Hospital staff not to blame
8:10am Thu Jan 12, 2017
In December Newark MP Mr Robert Jen-rick suggested I had an overly negative view of the state of the local NHS (Credit To Improving Trust, News Views, December 10).
Unfortunately, he misses the point.
My letter (Strategy Relied On Merger, News Views, November 24) highlighted the long-running downgrading of services at Newark Hospital that has adversely affected local healthcare services, impacted on the performance of East Midlands Ambulance Service and the performance of alternative A&E departments.
The blame for all of this should be laid fairly and squarely at the door of politicians, middle managers and service transformers and not the doctors, nurses and volunteers who have done a fantastic job in extremely difficult circumstances.
There has been a catalogue of failures, beginning with the levering of Newark Hospital into Sherwood Forest Hospitals NHS Foundation Trust (SFHT) and the disastrous PFI.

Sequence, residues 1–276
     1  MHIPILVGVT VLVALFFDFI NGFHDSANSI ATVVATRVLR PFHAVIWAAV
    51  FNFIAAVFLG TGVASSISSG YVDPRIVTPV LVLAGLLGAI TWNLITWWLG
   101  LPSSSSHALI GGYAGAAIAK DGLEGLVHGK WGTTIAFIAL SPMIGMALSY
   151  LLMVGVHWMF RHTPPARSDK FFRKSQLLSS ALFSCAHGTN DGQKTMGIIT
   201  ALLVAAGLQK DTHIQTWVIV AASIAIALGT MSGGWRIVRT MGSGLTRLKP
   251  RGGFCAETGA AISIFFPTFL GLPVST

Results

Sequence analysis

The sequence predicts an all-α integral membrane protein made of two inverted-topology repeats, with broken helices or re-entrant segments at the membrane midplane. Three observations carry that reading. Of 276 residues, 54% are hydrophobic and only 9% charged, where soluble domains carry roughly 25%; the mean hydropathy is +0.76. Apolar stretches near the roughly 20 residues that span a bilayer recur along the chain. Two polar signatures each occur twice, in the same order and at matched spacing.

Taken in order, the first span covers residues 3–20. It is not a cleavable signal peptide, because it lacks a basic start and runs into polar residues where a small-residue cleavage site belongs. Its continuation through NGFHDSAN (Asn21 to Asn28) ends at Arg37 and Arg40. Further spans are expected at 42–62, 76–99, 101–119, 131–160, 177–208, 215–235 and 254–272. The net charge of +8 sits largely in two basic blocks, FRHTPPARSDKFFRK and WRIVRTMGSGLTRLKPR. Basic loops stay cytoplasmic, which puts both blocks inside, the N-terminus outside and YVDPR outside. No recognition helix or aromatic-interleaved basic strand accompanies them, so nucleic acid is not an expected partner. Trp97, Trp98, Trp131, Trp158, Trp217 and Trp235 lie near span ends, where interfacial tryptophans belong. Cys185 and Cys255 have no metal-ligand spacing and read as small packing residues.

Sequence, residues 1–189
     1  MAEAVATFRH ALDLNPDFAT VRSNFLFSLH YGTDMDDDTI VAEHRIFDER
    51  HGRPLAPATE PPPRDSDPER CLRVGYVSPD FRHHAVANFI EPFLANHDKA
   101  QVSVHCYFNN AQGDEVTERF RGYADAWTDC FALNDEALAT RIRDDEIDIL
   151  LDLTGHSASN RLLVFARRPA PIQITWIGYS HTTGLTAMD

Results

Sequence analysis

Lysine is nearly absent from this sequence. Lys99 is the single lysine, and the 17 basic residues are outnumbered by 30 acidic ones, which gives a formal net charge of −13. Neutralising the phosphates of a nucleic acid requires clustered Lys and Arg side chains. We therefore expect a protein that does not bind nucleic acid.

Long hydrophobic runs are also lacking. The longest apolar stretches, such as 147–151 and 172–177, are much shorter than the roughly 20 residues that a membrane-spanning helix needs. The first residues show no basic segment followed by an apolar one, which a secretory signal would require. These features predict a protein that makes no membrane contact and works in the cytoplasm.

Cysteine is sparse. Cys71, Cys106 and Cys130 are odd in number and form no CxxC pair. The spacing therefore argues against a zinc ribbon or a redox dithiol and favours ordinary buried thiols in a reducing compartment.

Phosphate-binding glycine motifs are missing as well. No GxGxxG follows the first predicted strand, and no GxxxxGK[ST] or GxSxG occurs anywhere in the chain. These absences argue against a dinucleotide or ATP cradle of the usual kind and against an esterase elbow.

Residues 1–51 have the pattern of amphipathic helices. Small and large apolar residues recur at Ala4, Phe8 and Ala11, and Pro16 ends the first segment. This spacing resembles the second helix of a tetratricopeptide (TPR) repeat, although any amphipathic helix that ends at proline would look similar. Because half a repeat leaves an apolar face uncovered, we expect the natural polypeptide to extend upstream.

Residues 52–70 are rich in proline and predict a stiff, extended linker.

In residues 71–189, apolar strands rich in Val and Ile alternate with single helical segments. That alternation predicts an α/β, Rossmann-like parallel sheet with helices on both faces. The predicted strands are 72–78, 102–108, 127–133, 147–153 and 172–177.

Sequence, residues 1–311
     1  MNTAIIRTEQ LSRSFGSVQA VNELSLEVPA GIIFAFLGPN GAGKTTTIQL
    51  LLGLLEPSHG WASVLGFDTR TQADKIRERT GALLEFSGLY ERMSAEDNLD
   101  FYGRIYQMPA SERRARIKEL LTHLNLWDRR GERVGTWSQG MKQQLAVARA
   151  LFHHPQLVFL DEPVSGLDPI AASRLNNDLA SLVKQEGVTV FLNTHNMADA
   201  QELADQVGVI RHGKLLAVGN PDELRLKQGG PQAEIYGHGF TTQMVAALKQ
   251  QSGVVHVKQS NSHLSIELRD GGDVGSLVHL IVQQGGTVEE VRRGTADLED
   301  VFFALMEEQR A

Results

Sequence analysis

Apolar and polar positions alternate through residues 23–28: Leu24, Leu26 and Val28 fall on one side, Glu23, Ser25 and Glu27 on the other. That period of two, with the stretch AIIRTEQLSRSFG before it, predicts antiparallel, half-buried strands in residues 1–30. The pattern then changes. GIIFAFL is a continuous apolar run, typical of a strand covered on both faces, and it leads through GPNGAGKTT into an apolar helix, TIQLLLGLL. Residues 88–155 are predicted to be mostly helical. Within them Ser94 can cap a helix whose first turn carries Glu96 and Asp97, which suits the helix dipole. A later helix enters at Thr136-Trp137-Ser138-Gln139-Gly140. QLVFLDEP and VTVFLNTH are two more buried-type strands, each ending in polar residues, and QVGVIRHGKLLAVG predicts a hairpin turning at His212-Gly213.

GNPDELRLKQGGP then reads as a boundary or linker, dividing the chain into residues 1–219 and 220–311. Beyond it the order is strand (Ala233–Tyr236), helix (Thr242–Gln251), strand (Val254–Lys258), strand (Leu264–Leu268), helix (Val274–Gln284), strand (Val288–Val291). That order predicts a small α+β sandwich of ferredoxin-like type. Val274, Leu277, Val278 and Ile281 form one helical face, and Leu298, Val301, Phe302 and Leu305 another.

The widely criticised Newark Healthcare Review in 2010 was followed by two unsuccessful attempts to develop a strategy for Newark Hospital.
The latest rested heavily on the failed attempt to merge SFHT with Nottingham University Hospitals Trust, at a cost of £10m, when Newark Hospital cost only £10.7m to build.
Other issues include the rise in mortality rates documented in 2011/12 that led to SFHFT being put into special measures; the eye-watering cost of successive SFHT chief executives and chairmen; the extraordinary length of time that people in the Newark area have to wait for an ambulance; the often routine transfer of Newark patients to alternative A&Es for minor emergencies; the almost normal way that people in Newark are given appointments at King’s Mill Hospital when they could easily be treated at Newark; and the fact that Newark Hospital is now 57% under-utilised four years after Monitor criticised SFHFT for it being 55% under-used.
We can now add to that list the loss of the free bus service to King’s Mill.
None of this is the responsibility of hospital staff.
It is the fault of the politicians, chief executives and health planners who are paid salaries that sound like lottery wins to ordinary people.
The poor performance of the political elite, the management of SFHT and Newark and Sherwood CCG casts a long shadow.
No amount of spin will dim the stark realities of the healthcare system we have been left with.
— PAUL BAGGALEY, secretary, Say Yes To Newark Hospital.